Collaring elephants provides researchers and conservation institutions an invaluable insight into elephant life. One such example being the migration paths that they use and when they use them; allowing for informed decisions to be made about wildlife corridors and thereby the reduction of human – elephant conflict.
My previous blog, should you have read it, describes the family history of one of Samburus family herds – the Virtues – and my ever increasing fondness for them. Their matriarch, Amity, is one such collared female that the Save The Elephants research team collects movement data from, since she tends to lead her family outside of Samburu National Reserve for many months of the year. She had previously been fitted with a ‘GSM’ collar, which stored location data until one of the team was able to get close enough to Amity in order to download the back logged data with a receiver. The virtues are a calm and habituated herd, so getting close enough to Amity to download the data posed no problem. However, finding Amity proved far more difficult.
The Virtues had left Samburu on their migration path, not returning for many months. It was vital that the data was downloaded before the memory began to over write itself and it was forever lost, so when the family returned to Samburu, and was spotted by Shifra, Jenna, David and myself – it was imperative that we recovered the data from the collar.
In light of these difficulties, the decision was made to replace Amitys ‘GSM’ collar with a ‘satellite’ collar, that would allow the team to receive real time updates of the family’s location wherever they may be, eliminating the fear of losing data should they not return to Samburu for a while. The procedure would include immobilization of the matriarch, a practice readily criticized by some. The darting and subsequent collaring of Amity would be invasive, but the Save The Elephants team is highly experienced, with the elephants best interests always at the center of all field operations.
On the 12th of February, the vet arrived and all was ready to change the collar, and so we set out to find the family and assess the suitability of area they were in for the darting operation. The sun was hot as we scanned Samburu National Reserve for signs of the family, only managing to spot R13.95B06, Amitys daughter, on the bank of the Ewaso Nyiro before crossing into the bush on Buffalo Springs. Taking her lead, we eventually found Amity peacefully resting under a tree with her most recent calf (R13.95B13) lying nearby. The area, however, was less than ideal for ourselves – littered with hidden logs and thick sand ready to bring the land cruiser to a standstill with every wrong turn.
After a few hours battling the deep sand, the whole family had been located and had moved to rest under a tree. David, the vet and the team evaluated the area and scouted out the possible routes the family could take after the darting – finally deciding that the operation was safe to go ahead. The family was calm as the team split up: one car staying back to retain visual on Amity whilst the other car approached to an appropriate darting position. After a few moments the call came across the radio: “dart in”.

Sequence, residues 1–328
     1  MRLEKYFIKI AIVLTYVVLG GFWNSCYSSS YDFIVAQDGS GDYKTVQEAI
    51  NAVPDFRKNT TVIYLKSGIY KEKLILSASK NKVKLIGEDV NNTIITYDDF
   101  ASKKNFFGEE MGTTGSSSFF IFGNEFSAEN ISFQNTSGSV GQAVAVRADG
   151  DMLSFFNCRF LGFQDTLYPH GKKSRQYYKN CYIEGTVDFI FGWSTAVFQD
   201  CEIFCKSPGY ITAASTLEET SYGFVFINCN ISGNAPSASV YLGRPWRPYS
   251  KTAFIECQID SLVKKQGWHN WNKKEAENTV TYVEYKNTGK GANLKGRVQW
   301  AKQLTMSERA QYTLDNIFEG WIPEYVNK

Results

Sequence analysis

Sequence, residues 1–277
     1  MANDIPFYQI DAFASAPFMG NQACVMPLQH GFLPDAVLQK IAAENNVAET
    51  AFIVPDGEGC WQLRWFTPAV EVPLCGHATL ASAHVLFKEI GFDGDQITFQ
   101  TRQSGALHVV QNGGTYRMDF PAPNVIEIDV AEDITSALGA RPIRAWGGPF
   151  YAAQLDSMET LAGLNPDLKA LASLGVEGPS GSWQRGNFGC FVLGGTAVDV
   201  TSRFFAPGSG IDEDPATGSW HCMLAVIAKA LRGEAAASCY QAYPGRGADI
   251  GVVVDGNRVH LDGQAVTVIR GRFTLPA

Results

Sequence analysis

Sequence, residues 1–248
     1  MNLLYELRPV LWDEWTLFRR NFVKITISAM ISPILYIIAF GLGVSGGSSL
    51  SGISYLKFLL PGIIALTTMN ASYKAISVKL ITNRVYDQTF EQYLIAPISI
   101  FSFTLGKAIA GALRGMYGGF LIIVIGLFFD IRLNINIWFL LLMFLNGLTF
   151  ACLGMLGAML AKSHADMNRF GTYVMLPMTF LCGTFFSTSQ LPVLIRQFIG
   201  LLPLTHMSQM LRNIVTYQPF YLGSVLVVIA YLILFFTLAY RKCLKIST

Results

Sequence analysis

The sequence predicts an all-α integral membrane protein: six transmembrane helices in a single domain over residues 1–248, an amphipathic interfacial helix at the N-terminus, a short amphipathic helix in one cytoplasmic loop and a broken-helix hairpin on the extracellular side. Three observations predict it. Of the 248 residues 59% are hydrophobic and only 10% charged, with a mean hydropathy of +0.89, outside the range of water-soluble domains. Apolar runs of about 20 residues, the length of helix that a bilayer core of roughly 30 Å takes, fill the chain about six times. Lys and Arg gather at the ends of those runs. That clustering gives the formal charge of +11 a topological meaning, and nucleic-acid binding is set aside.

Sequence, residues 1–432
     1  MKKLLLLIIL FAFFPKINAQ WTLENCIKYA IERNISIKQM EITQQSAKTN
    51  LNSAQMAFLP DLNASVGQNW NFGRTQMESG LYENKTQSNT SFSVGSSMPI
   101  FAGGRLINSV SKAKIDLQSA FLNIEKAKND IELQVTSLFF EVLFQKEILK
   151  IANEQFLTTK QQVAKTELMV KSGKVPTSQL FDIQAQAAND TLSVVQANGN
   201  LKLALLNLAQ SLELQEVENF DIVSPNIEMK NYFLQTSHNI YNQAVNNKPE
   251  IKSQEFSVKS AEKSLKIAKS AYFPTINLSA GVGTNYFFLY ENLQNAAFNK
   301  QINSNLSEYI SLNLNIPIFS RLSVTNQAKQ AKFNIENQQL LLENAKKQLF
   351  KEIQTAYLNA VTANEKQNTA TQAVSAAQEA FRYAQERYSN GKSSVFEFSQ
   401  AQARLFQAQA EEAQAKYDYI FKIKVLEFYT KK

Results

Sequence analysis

Despite the undoubtedly stressful darting, Amity did not run but instead ambled into view, followed closely by her calf and the rest of her family. The family, as expected of this tight knit group, remained close, rumbling communications to their leader. After 7 minutes, Amity succumbed to the effects of the drug and we witnessed the true strength and depth of this family’s bonds. The scars of their past experience with poachers are clearly deeply embedded, as Verity (R13.03) fiercely defended her sister as the cars surrounded her. Verity placed herself in perceived danger to protect her incapacitated sister with ear piercing trumpets and mock charges to try and drive us away. Her immense affection for her sister was so glaringly obvious to me, it is astonishing that it can be denied that these animals have as deep an emotional life as we do.
Once the family had been driven away to a safe distance (with great difficulty I may add), it was vital that we worked quickly and effectively to ensure minimal discomfort for Amity. Liters and liters of water were poured over her body to keep her cool, as David smoothed a mud paste as a make shift sun screen onto the back of her ear – draping it over her eye to protect it from the sun. Jenna and I set about taking measurements of Amity for future reference as Jerenimo cut through the old collar before fitting the new one. Barely able to hold onto the tape measure as the adrenaline coursed through me, we measured the width and length of her immense feet, her shoulder height, tusk length and circumference as Shifra collected tail hairs for DNA analysis. Before there was time to marvel at the enormous animal we were so close to, the counter weight had been secured and the antidote was administered.
In total, Amity’s collar was replaced in just 12 almost silent minutes before she recovered from the drugs affects. The tension from the on-looking herd was palpable, never having let their matriarch out of their sight. Amity rose to her feet, immediately heading towards her herd, undoubtedly rumbling inaudible assurances of her return to her family. Once together again, the herd moved on to feed in the salt bush – except this time equipped with a collar that will provide real time data of their location, allowing Save The Elephants to make informed management decisions for the protection of their habitat. Amity will not need to be immobilized again for several years, but will be unwittingly providing invaluable information used to safeguard her species future.